Sivakarthikeyan’s Seema Raja, Nayanthara’s Imaikaa Nodigal, Mani Ratnam’s Chekka Chivantha Vaanam are some of the recent examples where shows were cancelled.

In each case, the issue seems to be different. “It depends on the producers. If they are unable to keep up their schedules, it severely affects their business. Problems might be unavoidable but a way to sort them out has to be worked out,” opines Abirami Ramanathan, President of  Tamil Nadu Theatre Owners Association.

Why does only the Tamil industry face this issue?

But is this a problem only specific to Tamil Nadu? “When you look at how it is in the western countries, giants like Universal Pictures make sure the film’s print is ready at least 30 days before its release date. There’s no last minute hassle there,” he explains.

But we need only look at the other industries in our own country to realise the stark difference in the state of affairs, says Sreedhar Pillai, film writer and social media influencer. “Such delays hardly take places in other industries like Telugu or Bollywood. What we see in Tamil cinema is a very bad trend. This is not good for the industry,” he explains.

Nikilesh notes that this problem can be attributed to the fact that the Tamil industry functions differently in comparison with the others. “In Bollywood and Telugu industries, producers are backed with good funding whereas here the producers tend to borrow at high-interest rates. This leads to a number of other issues. But now there are big names in the industry as well. This might bring in some change,” he shares.

Producer G Dhananjayan too asserts the existence of this structure in Tamil Industry. "Unlike Bollywood and Telugu industry, where we have big studios and productions houses, Tamil industry has many independent producers. And therefore the financiers tend to play a bigger role here in comparison with the other industries," he says.

So what can be the possible solution to this unending tangle? Sreedhar is of the opinion that the Producers' Council and Theatre Owners Association will have to come to an agreement. “There has to be a better mechanism in place. A meeting has to be held to clear things. At least 24-hours before the film’s release, all clearance should be in place.”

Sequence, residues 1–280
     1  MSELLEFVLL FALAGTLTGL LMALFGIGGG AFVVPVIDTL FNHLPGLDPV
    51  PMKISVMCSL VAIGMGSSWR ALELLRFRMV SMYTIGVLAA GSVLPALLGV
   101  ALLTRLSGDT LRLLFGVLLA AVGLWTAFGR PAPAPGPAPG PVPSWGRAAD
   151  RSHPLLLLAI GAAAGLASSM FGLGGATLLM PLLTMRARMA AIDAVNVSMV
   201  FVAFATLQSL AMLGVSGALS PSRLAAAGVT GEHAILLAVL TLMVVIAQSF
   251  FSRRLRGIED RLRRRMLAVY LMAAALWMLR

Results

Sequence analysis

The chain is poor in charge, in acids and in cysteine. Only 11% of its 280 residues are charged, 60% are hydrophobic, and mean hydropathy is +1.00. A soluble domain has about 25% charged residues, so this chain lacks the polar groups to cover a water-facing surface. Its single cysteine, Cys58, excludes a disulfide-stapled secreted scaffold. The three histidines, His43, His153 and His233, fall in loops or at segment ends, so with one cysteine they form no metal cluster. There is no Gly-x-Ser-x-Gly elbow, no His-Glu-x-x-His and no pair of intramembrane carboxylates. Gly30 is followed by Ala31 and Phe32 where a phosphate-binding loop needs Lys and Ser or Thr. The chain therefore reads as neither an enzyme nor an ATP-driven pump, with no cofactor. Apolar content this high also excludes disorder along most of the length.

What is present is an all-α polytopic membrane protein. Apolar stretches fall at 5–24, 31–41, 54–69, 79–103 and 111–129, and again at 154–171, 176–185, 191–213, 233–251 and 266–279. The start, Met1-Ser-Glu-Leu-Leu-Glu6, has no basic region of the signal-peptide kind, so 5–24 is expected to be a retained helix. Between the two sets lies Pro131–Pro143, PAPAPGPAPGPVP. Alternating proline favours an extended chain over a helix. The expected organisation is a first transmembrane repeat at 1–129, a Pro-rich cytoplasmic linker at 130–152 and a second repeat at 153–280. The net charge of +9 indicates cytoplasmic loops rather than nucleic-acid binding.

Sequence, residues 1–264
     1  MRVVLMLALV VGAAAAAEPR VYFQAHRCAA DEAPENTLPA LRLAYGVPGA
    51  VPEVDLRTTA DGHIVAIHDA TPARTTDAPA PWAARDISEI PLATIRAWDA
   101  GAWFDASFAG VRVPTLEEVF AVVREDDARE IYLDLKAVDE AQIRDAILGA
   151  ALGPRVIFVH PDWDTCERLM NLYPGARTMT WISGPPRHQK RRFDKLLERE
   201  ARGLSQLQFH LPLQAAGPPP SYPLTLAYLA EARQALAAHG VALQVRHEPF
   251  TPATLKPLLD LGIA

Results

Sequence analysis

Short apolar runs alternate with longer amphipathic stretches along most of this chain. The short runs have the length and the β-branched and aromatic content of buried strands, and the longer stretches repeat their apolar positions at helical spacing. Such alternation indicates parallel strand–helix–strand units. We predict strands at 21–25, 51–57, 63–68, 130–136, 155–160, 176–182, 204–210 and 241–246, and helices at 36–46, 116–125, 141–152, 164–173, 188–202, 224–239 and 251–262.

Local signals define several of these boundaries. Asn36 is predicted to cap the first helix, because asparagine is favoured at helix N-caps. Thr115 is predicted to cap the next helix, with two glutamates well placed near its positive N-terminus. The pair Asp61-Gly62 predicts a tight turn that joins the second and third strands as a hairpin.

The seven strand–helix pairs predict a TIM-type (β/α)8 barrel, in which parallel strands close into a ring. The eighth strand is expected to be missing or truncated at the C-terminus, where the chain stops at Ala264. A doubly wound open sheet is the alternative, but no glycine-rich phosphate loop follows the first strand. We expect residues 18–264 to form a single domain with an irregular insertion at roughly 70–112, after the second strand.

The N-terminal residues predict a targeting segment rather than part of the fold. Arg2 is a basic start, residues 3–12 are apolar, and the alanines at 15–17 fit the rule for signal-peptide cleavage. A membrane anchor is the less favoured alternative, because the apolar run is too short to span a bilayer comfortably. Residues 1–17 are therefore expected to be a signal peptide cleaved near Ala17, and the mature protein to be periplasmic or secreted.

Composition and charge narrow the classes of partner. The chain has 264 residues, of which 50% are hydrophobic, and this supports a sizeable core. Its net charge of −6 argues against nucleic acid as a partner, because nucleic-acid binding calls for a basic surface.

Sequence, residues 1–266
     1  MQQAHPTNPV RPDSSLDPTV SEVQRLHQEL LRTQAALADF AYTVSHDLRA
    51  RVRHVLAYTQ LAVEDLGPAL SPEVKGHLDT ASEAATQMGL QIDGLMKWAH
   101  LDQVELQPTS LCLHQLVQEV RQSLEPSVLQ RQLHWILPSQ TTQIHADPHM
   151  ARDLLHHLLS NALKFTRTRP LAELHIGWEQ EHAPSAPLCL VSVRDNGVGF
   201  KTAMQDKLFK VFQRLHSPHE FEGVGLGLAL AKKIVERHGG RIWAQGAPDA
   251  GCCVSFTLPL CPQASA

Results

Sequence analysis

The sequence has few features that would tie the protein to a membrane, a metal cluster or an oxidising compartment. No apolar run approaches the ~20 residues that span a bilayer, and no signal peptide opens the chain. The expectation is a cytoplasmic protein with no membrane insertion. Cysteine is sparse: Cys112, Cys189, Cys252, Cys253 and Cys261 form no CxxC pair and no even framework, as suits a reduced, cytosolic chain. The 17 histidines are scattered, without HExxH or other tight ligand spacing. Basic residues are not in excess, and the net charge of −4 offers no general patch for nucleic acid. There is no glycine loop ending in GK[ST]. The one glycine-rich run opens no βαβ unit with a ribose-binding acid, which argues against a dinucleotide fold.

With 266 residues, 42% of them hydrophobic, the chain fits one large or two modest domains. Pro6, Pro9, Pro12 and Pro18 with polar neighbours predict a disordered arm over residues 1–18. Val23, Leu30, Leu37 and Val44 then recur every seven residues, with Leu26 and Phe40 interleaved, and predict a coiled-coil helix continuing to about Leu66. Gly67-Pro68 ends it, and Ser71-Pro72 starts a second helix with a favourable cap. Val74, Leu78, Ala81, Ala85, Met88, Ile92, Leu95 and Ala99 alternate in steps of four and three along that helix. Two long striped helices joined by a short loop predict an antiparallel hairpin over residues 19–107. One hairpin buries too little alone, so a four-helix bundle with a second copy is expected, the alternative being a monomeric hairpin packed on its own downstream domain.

TFPC’s treasurer SR Prabhu also shares this opinion. “This is the side-effect of the indiscipline in the industry. This is not just one person’s mistake. TFPC is planning to put in place an internal regulations mechanism for releases that’ll monitor if timelines are being adhered to,” he shares.

Dhananjayan lists down a few points that producers should keep in mind while making their films to avoid last minute hassles. “They should have a tight control over their budget. Also, the actor’s lowest box-office should be set as their benchmark, not their highest grosser. This will avoid unrealistic expectations. The third most important thing is to treat each project individually. Never burden your current film with past losses,” he explains

But theatres often bear the brunt of such last minute cancellations. “Sometimes people might think it’s the theatre’s fault. But now, they are slowly able to understand that such delays are actually not in our hands. It all becomes a part of the game,” says Nikilesh.

Interview
The filmmaker talks to TNM about his upcoming film, which is based on the practice of denying those from lower caste groups access to burial grounds.
  • Sunday, October 07, 2018 - 18:11

“I travel to rural areas often as part of my work and whenever I do, I talk to villagers and ask them about their pressing problems. I was expecting they’d tell me about the lack of infrastructure like schools, hospitals, connectivity and lack of facilities like good drinking water, etc. But to my surprise many of them invariably said that they wanted good burial sites,” begins documentary filmmaker Amshan Kumar.

“Now this did not mean that they had other facilities. Maybe they had learnt to live without them but the humiliation that they undergo every time someone dies is far more berating, far more pressing. When someone dies, there’s fear in their minds. Where to bury the dead now? Caste pursues them beyond the grave,” he further explains.

Amshan’s upcoming feature film Manusangada, only his second in many years, is based on this very problem, of denying those from lower caste groups access to burial grounds. “They are made to walk several kilometres. There’s a fight every time. They have to choose a longer route, wade through water, agricultural fields, etc. and finally bury their kin in some unknown place. This is not the case in just one village,” he tells us.

Filmmaker Amshan Kumar

An acclaimed filmmaker known for his national award-winning documentary, Yazhpanan Thedchanamoorthy Music beyond boundaries (2015), Amshan tells us that the idea for making this feature film came to him almost a decade ago.

“I always had this idea at the back of my mind, but in 2016 when I was working on a screenplay adaptation of Shakespeare’s Macbeth I came across several news reports on such incidents. Even a few days back a similar incident was reported from a village in Thiruvarur. This is not an old practice, it is happening even today. So I set aside whatever I was doing to work on this feature,” he says.